November 26, 2007 at 4:01 am Leave a comment


            I’m making tapioca. It’s the first time I’ve made it since Russ died. It was a magic dessert; not heavy in fats, soothing to a chemo and radiation fried throat and belly, something we could both share. Something, like tonight, I could stir and stir and become somewhat transported in time while waiting for the mixture to become frothy and thick and grow to the sides of the pan. Initially, we discovered tapioca at Costco; it was sweet and wonderful and the carton claimed that it was made by hands in little batches to be sold in the thousands daily across all the Costcos. Imagine that!  I decided I’d make it myself. Russ curled himself on the mat close to me, two dogs intertwined with him, and me stirring, stirring with the wooden spoon, reflecting and stopping the worries to simply stir. I would serve it up cold in my Winfield china with cinnamon on top, and it became a preferred treat for visitors. 

My mom used to make custard. She rarely cooked anything, so I always felt her custard was a kind of sacred event. She had special cups just for it, and she would line them up neatly in the refrigerator with nutmeg sprinkled on top. Even the neatness of those glass cups had an aura about them, as nothing else in the refrigerator was neat, or fresh, or perhaps even edible. The custard wasn’t made for any special events; sometimes I would come home from school, and there they were, lined up like sentries in the refrigerator, made in a little batch by hand, by my mother, who had an inspiration to stop chaos for a moment, to stir and stir, waiting for a creamy yellow mixture to thicken.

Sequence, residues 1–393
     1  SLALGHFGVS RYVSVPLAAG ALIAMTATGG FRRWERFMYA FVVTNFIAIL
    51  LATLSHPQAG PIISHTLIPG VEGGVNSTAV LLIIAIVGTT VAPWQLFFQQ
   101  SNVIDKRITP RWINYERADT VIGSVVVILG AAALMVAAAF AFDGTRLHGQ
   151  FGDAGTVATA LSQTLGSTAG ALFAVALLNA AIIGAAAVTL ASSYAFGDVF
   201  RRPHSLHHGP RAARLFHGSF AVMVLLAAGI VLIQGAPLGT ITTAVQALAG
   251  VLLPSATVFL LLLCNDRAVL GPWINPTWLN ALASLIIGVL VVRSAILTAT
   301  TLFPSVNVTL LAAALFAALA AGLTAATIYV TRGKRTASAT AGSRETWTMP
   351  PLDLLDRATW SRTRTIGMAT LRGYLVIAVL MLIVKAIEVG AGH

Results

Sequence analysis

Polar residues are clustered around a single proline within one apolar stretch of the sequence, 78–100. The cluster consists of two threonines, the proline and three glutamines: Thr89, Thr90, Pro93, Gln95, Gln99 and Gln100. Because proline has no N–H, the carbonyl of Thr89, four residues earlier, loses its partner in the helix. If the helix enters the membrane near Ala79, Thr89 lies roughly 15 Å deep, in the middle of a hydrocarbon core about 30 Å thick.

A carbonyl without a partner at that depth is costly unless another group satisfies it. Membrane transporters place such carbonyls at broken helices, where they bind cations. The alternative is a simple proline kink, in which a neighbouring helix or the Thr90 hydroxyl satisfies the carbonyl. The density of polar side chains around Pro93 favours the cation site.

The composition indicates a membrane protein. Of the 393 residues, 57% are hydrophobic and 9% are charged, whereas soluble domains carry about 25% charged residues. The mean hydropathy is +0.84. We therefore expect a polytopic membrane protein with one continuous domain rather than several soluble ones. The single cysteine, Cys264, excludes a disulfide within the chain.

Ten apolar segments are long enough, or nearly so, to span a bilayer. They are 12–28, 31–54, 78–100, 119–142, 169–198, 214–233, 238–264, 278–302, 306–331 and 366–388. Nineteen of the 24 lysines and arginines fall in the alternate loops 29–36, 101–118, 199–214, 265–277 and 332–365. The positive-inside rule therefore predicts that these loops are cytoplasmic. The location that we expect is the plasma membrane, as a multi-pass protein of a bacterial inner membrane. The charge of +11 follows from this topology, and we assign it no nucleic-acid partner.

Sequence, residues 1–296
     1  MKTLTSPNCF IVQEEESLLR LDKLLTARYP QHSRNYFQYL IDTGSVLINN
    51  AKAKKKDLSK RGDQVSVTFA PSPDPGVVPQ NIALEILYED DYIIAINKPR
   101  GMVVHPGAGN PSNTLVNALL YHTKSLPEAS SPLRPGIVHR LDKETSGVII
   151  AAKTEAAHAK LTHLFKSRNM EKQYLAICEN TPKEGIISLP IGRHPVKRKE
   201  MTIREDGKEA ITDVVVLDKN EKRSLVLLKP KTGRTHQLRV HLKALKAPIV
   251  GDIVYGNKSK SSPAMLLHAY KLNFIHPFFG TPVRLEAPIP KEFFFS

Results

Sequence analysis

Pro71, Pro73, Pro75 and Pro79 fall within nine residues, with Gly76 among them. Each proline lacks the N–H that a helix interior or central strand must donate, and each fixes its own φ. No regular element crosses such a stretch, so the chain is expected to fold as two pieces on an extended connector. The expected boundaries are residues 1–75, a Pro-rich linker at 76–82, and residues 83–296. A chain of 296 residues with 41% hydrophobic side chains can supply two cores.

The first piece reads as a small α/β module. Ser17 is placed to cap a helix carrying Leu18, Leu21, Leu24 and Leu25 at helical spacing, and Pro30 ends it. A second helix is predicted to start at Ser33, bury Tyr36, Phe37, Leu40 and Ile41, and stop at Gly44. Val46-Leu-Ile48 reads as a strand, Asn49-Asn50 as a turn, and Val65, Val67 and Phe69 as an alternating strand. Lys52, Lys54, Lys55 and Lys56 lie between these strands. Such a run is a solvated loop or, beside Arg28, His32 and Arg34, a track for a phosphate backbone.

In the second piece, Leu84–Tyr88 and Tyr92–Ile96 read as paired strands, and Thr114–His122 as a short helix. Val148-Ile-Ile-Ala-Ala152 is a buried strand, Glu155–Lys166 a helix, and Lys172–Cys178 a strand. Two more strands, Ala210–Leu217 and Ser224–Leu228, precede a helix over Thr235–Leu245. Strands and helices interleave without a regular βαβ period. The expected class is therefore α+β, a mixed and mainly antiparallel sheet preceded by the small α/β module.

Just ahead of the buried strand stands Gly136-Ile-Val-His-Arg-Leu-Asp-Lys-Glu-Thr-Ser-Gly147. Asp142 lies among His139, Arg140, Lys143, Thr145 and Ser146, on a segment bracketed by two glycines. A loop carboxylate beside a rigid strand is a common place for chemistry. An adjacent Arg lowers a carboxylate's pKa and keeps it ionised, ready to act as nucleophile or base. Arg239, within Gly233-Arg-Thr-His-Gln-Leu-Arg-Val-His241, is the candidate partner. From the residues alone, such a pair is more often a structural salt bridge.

Stirring my figure 8s in the tapioca, I swirl in thoughts of the cool custard in those glasses with the surprise of nutmeg, me a little girl in awe of my mother the custard chef. I wonder if even then I sensed in the spoonfuls of cream the moments of peace the stirring brought to my mother so hungry for some reflection beyond the comforts of her cigarettes.  


Entry filed under: Stories.

Sugar and Cream The Will of the Lonely

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